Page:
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Mental Illness in Men: Breaking the Stigma

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Mental Illness in Men: Breaking the Stigma

 

The cultural and societal stigmas surrounding mental health for both men and women are no secret. For women, the stigma is centered around a false self-image formed by how they believe others perceive them.

The stigma for men stems from being treated differently and the fear that having a mental illness somehow diminishes their masculinity. Family dynamics encourage boys to be tough and never show emotion or vulnerability from a young age. In turn, boys grow up to be men who struggle with regulating and expressing emotions, aggression, and vulnerability.

While women seek mental health treatment at a much higher rate than men do, men have a much higher risk of developing mental health and substance abuse disorders than women. Substance abuse disorders can be extremely dangerous and often fatal when left untreated.

Mental health problems can materialize in different ways depending on gender, among many other things. Culturally and historically, men are taught that seeking help from a professional is considered shameful and weak.

This idea is prevalent in men’s mental health challenges and is a significant factor in why they hesitate to seek treatment.

What is Toxic Masculinity?

Toxic masculinity is the cultural pressure for men to behave a certain way. It refers to the idea that men must act tough, aggressive, and dominant to be considered “manly” or “macho.” This idea is harmful and damaging for men who don’t fit into this role and try to force themselves to fit the mold that society expects of them.

How does toxic masculinity affect mental illness in men?

The cultural pressures of toxic masculinity include the following traits;

  • Not asking for or accepting help
  • Being physically strong and aggressive
  • Avoid showing emotion or weakness
  • Acceptance is achieved through power and respect from others

Studies have shown that men’s risk-taking behavior and lack of willingness to seek help are directly correlated to the negative health conditions and outcomes that men experience.

When young boys grow up learning to suppress emotions, hide their feelings, and never ask for help, they are likely to exhibit those same behaviors throughout adulthood. When faced with conflict or adversity, men often resort to violence in response because anger and aggression are the only emotions they believe to be acceptable.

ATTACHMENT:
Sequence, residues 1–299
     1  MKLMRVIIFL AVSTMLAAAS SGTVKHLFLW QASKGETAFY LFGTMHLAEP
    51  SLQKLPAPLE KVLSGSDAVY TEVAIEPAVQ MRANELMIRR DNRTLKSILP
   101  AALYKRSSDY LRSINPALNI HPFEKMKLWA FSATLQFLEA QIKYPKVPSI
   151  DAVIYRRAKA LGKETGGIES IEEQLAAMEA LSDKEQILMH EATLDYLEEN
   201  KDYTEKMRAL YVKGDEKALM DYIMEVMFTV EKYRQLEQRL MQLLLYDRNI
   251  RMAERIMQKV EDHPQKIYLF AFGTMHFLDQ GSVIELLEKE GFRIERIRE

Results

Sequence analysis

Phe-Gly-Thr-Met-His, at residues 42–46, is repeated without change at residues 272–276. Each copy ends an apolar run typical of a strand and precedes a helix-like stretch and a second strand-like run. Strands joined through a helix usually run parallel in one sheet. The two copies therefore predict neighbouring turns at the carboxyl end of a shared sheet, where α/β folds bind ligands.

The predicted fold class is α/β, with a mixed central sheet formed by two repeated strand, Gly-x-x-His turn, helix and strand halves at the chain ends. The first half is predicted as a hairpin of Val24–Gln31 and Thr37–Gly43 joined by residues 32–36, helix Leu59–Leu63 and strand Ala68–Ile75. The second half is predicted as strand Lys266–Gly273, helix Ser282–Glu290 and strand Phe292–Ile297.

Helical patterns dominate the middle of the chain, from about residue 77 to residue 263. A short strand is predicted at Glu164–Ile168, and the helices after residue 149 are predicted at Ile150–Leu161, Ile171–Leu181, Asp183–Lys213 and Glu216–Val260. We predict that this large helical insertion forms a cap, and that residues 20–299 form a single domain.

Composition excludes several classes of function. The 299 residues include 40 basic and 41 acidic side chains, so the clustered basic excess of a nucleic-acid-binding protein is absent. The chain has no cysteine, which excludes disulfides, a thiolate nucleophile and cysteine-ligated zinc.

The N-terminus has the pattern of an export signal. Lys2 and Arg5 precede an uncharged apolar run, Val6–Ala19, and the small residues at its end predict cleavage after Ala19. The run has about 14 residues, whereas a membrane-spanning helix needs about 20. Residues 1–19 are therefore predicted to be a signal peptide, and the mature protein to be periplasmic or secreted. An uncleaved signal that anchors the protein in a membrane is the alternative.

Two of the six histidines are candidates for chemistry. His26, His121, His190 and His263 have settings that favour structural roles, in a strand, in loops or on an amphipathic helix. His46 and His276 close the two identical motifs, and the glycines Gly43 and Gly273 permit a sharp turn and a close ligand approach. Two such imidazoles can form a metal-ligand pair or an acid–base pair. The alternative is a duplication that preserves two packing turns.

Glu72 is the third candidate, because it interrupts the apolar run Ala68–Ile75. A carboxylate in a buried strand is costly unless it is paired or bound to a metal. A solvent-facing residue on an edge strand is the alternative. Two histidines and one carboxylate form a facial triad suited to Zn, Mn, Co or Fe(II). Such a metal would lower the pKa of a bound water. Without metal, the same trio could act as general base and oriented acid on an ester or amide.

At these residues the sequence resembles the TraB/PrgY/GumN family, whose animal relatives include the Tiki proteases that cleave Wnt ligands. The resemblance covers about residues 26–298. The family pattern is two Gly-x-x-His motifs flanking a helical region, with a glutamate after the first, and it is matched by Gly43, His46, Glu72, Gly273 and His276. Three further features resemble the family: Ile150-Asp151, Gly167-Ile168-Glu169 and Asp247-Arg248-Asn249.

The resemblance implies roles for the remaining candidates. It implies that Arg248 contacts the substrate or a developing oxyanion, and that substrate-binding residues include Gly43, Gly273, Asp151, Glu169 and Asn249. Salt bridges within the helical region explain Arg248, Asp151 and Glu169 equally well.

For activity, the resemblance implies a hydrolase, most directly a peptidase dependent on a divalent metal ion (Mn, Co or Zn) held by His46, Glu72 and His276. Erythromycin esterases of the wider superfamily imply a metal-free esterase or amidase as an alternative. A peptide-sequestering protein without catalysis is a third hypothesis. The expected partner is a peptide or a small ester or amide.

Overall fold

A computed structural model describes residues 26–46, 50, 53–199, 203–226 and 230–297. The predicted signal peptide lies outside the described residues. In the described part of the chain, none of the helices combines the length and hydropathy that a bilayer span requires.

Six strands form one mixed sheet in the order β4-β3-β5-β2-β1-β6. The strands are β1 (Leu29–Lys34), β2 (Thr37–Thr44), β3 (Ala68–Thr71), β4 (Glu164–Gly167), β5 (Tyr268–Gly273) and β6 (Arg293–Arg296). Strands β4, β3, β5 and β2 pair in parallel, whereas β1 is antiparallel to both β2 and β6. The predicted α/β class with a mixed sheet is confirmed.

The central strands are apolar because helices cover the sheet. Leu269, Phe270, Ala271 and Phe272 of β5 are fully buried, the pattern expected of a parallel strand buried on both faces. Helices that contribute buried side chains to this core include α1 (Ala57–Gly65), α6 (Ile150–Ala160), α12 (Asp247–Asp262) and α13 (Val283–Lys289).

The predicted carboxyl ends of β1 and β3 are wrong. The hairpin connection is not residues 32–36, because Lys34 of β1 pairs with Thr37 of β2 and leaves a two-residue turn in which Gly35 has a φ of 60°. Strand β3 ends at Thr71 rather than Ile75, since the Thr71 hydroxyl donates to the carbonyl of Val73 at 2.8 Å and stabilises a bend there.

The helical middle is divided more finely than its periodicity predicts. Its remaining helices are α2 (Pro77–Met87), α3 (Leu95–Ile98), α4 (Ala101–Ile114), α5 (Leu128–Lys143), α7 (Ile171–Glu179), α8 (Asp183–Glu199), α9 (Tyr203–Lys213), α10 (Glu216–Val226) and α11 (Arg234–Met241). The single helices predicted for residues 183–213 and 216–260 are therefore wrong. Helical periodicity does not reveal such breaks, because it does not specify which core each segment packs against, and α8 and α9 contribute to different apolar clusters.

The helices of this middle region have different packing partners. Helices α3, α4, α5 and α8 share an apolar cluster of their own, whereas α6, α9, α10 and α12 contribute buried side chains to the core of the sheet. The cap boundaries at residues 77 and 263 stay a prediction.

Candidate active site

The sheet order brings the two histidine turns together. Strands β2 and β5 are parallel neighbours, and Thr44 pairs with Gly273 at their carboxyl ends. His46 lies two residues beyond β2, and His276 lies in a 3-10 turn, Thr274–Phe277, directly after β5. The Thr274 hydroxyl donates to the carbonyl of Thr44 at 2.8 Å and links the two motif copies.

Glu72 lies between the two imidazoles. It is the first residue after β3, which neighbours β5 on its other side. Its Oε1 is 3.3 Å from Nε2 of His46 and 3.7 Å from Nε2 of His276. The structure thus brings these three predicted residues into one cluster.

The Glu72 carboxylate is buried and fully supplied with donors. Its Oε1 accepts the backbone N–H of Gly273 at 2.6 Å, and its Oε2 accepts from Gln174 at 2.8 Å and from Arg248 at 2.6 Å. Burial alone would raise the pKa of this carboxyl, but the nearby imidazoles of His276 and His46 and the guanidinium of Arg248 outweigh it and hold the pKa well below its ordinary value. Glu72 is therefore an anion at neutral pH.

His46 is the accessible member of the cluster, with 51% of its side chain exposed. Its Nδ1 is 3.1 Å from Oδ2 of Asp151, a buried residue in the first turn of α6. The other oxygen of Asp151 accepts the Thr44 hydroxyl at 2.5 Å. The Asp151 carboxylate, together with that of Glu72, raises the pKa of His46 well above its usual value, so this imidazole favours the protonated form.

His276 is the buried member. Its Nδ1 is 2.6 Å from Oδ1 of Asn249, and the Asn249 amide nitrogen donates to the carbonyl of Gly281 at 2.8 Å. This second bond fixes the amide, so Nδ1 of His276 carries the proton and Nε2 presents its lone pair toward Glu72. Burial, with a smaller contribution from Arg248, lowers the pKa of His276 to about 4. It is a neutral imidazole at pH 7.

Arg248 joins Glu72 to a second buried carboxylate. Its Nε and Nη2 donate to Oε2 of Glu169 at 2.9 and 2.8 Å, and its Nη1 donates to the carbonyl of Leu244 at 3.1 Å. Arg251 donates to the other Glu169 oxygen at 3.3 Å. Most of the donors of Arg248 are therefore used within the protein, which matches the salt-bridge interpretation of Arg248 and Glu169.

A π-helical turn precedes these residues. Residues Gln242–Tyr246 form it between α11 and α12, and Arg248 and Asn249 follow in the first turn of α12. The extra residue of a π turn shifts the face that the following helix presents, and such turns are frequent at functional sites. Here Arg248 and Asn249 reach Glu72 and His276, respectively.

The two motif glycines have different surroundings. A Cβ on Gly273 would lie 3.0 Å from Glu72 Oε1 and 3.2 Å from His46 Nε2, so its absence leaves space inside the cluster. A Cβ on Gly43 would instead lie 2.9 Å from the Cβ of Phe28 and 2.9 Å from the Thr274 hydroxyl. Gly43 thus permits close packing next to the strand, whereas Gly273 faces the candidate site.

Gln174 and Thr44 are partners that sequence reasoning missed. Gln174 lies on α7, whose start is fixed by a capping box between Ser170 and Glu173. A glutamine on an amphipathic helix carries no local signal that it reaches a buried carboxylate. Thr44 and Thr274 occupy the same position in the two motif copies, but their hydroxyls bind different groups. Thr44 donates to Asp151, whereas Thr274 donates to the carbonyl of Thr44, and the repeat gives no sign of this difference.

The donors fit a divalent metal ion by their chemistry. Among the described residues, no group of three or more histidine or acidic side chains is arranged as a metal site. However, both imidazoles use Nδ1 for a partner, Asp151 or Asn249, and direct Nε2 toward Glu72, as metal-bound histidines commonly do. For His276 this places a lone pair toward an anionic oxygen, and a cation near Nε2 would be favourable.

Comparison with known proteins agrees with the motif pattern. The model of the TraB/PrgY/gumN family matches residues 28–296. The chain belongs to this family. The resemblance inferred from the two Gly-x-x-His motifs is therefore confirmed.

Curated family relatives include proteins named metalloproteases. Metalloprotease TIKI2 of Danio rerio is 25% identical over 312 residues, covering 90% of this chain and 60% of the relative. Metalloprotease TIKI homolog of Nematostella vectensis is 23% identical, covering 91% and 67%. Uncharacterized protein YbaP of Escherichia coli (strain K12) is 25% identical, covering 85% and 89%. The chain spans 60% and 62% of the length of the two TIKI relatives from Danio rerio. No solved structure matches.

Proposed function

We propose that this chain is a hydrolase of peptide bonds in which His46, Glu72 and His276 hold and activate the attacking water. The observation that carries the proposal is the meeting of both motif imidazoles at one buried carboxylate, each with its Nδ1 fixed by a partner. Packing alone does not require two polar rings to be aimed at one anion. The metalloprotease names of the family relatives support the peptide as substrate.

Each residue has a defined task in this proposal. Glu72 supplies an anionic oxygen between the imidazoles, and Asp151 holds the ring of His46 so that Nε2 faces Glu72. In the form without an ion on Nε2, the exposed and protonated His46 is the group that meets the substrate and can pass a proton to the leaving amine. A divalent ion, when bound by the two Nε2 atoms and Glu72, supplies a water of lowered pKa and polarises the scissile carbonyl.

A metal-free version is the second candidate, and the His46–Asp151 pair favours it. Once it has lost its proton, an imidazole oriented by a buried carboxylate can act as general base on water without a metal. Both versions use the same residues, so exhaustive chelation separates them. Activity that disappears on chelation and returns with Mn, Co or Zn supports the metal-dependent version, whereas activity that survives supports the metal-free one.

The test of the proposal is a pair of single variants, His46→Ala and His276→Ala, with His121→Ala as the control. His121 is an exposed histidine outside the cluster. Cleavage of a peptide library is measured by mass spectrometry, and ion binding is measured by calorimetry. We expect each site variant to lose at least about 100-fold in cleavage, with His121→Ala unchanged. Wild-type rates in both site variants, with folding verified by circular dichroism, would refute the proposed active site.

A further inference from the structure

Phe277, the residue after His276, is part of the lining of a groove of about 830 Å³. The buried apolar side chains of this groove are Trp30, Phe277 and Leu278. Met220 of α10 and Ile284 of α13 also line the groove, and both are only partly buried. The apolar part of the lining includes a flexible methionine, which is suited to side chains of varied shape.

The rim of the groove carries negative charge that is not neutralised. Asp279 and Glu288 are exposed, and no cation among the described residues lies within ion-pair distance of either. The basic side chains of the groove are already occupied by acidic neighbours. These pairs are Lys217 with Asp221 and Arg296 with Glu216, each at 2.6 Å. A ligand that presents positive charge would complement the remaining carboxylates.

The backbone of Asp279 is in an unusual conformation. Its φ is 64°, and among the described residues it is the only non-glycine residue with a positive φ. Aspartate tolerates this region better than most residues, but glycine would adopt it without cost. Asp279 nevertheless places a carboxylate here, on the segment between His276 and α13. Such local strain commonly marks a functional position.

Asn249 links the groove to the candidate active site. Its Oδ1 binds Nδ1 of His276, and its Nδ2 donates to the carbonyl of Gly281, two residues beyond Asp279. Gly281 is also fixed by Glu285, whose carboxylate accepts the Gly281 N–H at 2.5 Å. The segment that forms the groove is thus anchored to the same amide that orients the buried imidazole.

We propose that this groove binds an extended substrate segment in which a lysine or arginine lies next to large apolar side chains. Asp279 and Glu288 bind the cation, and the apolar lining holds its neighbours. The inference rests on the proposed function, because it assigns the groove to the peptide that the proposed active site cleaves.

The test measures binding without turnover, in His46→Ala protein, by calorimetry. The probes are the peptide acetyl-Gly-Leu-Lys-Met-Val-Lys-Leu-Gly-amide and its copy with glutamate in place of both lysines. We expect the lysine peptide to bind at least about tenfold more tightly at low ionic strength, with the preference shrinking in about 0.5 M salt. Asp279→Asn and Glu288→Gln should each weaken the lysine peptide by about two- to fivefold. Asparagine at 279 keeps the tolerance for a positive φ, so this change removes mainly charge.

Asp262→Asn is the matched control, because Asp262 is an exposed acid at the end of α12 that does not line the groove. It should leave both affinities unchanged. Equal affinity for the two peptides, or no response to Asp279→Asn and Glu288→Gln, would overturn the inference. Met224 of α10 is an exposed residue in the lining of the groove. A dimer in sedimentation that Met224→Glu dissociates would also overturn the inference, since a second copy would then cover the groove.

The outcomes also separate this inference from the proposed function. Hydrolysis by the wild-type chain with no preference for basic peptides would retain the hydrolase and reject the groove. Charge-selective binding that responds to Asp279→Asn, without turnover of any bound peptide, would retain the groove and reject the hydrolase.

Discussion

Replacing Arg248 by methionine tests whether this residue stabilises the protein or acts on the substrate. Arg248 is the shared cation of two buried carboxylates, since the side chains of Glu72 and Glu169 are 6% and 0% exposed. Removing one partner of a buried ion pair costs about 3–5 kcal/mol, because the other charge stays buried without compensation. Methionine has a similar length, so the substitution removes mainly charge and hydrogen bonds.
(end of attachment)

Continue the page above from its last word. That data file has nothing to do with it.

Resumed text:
Toxic masculinity encourages the unhealthy stigma that men should not ask for or accept help or support of any kind. Men are encouraged to suffer in silence, deal with their problems by sweeping them under the rug, and never show weakness by admitting they have a problem.

What are the dangers of toxic masculinity?

Toxic masculinity affects men in different ways, but the most common effects include violence and aggression, an increased stigma around mental health treatment, and a negative impact on mental health issues.

Encouraging men to be tough and manly by ignoring emotional and physical symptoms or mental health issues can be extremely dangerous. It teaches the idea that force and violence are the answers rather than communication and openness. When men avoid getting help or seeking treatment, the trauma or stress they are experiencing will most likely worsen, leading to depression, anxiety, and often suicide.

Lack of treatment can also lead to reckless behavior, which includes alcohol or substance abuse, dangerous driving, physical violence, unsafe sex, and sexual assault, among many others.

Understanding Mental Health in Men

Each year, nearly six million men are affected by depression in the United States. Men die by suicide at a rate four times higher than women. Consequently, men are twice as likely to misuse drugs as women.